Saturday, November 12, 2016

quick impressions

Once again gearing up for a book-review program and trying to find a few things to fit.  These programs are a fair bit of work but get great attendance and everyone loves them.  I'm happy to share my templates with staff from other systems!

The descriptors I'm trying to match:
1. savory; language, mouth-feel; complex; sweet.  The book you stop and read sentences aloud just to hear them.
2. bright; a little nutty; clear-- shine; full body
3. composed; balanced; big, layered; welcoming
4. dark, darker; full body; bittersweet
5. smooth; brilliant; stands out; gently spiced; crisp
6. Not yet defined.

All the Birds in the Sky by Charlie Jane Anders.  Heavy on the narration, which seems to be a common element among books that, after the program, circulate and continue to circulate well, but this requires a big leap on the part of the reader, to just jump straight into magical realism without an introduction to the world.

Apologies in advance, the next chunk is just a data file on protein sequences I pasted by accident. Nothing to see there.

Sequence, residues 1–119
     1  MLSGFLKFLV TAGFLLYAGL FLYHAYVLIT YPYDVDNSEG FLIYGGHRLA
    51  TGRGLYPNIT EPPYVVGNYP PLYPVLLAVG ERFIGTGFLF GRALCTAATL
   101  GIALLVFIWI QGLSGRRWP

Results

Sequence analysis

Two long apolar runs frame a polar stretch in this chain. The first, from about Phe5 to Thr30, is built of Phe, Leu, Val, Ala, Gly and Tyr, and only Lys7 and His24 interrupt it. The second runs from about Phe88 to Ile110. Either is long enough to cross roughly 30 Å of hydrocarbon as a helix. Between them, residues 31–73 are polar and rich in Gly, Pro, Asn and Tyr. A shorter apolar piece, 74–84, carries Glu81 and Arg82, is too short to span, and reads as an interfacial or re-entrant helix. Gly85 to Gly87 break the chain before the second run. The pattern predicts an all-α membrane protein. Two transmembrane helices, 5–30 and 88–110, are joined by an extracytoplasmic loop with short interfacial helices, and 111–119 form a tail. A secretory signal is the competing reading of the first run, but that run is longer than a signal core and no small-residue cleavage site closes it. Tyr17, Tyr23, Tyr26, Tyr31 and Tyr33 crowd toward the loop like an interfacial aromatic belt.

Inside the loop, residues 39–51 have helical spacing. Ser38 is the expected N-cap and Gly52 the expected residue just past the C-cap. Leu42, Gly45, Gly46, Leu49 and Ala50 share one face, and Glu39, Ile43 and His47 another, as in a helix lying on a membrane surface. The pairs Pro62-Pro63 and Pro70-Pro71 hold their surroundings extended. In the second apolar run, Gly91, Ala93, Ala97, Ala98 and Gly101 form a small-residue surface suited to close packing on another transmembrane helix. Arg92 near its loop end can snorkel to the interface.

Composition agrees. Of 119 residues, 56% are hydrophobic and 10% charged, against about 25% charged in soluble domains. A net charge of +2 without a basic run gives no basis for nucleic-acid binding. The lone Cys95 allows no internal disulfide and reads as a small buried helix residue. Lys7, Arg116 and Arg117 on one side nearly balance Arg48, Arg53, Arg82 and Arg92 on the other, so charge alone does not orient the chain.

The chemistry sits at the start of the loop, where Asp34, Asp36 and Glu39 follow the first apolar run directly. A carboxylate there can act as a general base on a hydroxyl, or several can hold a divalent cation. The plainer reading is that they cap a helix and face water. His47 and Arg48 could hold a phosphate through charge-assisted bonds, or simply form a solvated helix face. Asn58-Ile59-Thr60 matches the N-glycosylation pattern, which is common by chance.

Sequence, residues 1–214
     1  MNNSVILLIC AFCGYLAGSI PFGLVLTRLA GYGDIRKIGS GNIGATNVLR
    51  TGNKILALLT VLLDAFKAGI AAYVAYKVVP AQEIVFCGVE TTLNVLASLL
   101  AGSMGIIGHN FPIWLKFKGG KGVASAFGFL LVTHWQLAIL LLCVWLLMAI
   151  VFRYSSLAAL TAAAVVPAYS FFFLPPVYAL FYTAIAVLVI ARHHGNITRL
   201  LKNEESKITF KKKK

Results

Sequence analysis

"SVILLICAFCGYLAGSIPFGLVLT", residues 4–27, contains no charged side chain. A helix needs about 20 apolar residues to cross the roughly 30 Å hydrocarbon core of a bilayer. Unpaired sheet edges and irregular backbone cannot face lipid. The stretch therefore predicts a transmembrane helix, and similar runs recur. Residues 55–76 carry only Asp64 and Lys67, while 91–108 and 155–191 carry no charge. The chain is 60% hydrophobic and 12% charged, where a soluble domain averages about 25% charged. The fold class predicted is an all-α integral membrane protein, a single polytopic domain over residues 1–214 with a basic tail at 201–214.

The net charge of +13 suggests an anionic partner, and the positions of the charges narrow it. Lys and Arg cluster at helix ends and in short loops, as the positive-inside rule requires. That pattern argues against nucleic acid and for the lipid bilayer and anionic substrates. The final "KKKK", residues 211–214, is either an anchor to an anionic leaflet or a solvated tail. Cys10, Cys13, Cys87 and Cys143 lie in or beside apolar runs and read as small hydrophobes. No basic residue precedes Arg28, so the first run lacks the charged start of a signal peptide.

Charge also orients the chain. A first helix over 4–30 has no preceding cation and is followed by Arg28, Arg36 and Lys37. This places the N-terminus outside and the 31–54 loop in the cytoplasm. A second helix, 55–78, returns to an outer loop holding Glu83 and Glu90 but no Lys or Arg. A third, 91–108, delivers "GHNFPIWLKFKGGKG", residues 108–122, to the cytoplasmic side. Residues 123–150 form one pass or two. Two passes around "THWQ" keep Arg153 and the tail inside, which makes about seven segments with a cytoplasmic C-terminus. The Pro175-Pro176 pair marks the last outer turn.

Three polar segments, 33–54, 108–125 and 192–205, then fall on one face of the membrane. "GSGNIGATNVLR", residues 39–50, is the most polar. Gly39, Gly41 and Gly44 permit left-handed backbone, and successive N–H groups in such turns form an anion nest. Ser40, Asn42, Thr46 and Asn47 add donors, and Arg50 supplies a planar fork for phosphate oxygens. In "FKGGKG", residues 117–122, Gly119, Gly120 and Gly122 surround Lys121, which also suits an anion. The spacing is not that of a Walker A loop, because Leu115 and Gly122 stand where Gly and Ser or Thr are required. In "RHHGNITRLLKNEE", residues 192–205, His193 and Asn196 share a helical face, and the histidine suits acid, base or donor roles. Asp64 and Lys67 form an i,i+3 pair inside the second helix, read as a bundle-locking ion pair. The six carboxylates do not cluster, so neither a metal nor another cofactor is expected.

Relativity by Antonia Hayes.  Strong first page, but the second chapter has quite a bit of dialogue from the child character, which doesn't seem very realistic.  Even suspending disbelief because the synopsis makes clear he's an incredible child, it doesn't sound right, doesn't strike true.  Skipping ahead, much of the narration seems jerky.

The Good Liar by Nicholas Searle.  Grabbing, engrossing; after skimming 10 pages, I'm in.  I'll read more over the weekend.

Dear Fang, with Love by Rufi Thorpe.  Definitely enthralling for some, but not likely to appeal to 45 out of 50 people.  It has a little bite, a little purposefully-chosen crassness to swing away from what otherwise is engrossing language.  Why be jarring on purpose?

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